Frequently Asked Questions About WIC

1. What is WIC?

WIC is the Special Supplemental Nutrition Program for Women, Infants and Children. It is funded by the United States Department of Agriculture Food and Nutrition Service (USDA FNS) and administrated in Maine by the State of Maine WIC Agency in the Department of Health and Human Services, Maine CDC. Services are provided by local WIC agencies statewide.

2. Who can participate in the Maine WIC Nutrition Program?

The Maine WIC Nutrition Program serves income-eligible women who are pregnant, breastfeeding an infant from birth to 12 months, or less then 6 months postpartum, as well as infants and children up to their fifth birthday. Participants must live in Maine, and have income less then 185% of the current federal poverty guideline (see current income guidelines) or be enrolled in the MaineCare, TANF or SNAP (formerly Food Stamps) programs. Working families, single dads, foster parents, and custodial grandparents may all be eligible to apply for WIC!

3. How many Maine citizens receive WIC benefits?

Approximately 23,000 Maine citizens currently receive WIC Nutrition Program benefits.

4. Where are WIC services provided in Maine?

WIC is provided at almost 85 sites in Maine through contracts the State has with eight local agency providers!

[Back to top]

5. What services does WIC provide?

  • All participants receive a nutrition and health risk assessment.
  • Infants are weighed and measured at least 4 times during the first year to assess growth.
  • All children are weighed and measured at least every 6 months, and have a hemoglobin screening test done at least once per year.
  • All pregnant women are weighed frequently during their pregnancy to assess for proper weight gain.
  • All participants receive personalized nutrition education directed to specific nutrition risks or their personal request for information.
  • Pregnant and breastfeeding women receive education and support about breastfeeding. When needed, a breastfeeding mother may receive an electric or manual breast pump to help her continue to provide breastmilk for her infant.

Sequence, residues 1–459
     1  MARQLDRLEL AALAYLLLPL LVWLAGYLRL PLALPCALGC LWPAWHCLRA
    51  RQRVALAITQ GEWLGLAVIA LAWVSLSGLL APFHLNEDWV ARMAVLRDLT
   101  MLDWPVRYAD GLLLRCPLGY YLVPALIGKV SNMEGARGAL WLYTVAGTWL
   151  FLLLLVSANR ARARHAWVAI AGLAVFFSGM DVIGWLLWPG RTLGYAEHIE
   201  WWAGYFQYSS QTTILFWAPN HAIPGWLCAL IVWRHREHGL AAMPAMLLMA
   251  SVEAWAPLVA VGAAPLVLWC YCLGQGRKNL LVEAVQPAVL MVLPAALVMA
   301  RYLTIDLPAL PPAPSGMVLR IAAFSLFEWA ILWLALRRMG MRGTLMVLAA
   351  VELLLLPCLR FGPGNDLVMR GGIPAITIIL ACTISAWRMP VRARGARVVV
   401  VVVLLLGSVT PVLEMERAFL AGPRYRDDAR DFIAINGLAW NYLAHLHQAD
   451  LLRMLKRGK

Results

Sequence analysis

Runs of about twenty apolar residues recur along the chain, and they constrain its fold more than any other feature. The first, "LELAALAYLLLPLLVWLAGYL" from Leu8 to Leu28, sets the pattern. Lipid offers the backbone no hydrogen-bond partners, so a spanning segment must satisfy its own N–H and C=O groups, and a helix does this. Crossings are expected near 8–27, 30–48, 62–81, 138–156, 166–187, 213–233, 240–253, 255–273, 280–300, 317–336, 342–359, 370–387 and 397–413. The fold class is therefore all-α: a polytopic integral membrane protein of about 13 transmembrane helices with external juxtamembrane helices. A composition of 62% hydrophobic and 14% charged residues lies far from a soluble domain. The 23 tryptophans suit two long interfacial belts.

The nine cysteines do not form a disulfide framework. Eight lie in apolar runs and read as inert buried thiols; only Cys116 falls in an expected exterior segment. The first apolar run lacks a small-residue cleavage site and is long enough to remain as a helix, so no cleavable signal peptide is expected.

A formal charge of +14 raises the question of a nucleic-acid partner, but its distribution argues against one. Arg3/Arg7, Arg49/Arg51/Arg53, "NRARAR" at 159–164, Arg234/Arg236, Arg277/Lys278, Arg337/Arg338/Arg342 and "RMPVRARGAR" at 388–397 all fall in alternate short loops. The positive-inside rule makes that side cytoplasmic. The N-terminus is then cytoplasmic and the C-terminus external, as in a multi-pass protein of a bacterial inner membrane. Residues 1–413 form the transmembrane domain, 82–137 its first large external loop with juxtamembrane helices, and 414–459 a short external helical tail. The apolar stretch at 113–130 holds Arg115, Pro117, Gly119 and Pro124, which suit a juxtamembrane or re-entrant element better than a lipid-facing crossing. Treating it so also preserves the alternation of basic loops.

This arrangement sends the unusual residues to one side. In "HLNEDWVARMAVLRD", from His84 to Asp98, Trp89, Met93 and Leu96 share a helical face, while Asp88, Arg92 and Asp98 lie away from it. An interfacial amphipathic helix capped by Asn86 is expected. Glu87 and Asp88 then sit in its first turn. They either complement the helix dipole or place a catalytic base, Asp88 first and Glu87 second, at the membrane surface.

• All participants receive food benefits tailored to their specific needs.

6. Why were WIC benefits recently changed?

USDA required all states to implement food benefit changes by October 1, 2009. The changes were designed to:

  • Strengthen WIC's breastfeeding promotion and support
  • Meet the 2005 Dietary Guidelines for Americans and the Healthy People 2010 goals and objectives
  • Provide consistency with American Academy of Pediatrics recommendations on infant feeding
  • Add greater variety and choice, and foods that appeal to diverse populations

7. What food benefits does WIC provide for women and children?

Women and children receive food benefits tailored according to their needs. The Maine WIC Nutrition Program has maximum food amounts set by the United States Department of Agriculture Food & Nutrition Services (USDA FNS), which funds the program nationwide. Foods and maximum amounts provided to WIC participants are listed below:

Milk (when needed, substitution with fortified soy beverage and/or calcium-set tofu may be provided for children and women):

  • Children: ~16 ounces/day
  • Pregnant women: ~23 ounces/day
  • Exclusively breastfeeding women: ~25 ounces/day
  • Postpartum women: ~16 ounces/day
  • Breastfeeding women exclusively nursing 2 or more infants from same pregnancy: ~37 ounces/day

Cheese: up to 1 pound per month (substitutes for 3 quarts of milkr)

Eggs

  • Pregnant and postpartum women, children: 1 dozen per month
  • Exclusively breastfeeding women: 2 dozen per month
  • Breastfeeding women exclusively nursing 2 or more infants from same pregnancy: 3 dozen per month

100% fruit juice:

  • Children: ~4 ounces/day
  • Pregnant and exclusively breastfeeding women: ~4.5 ounces per day
  • Postpartum women: ~3 ounces per day
  • Breastfeeding women exclusively nursing >2 infants from same pregnancy: ~6 ounces per day

Fruits and vegetables: fresh, frozen and/or canned

  • Children: $8 per month
  • Pregnant, postpartum and breastfeeding women: $10 per month
  • Breastfeeding women exclusively nursing 2 or more infants from same pregnancy: $15 per month

Breakfast cereals:

  • 36 ounces per month (all children and women) (at least half of choices are primarily whole grain; all cereals must meet criteria for low sugar content and minimum iron fortification level; in addition, the Maine WIC food list identifies cereals which provide 400 gm folic acid per serving in order to help all women of childbearing age to obtain the necessary amount per day for birth defect prevention)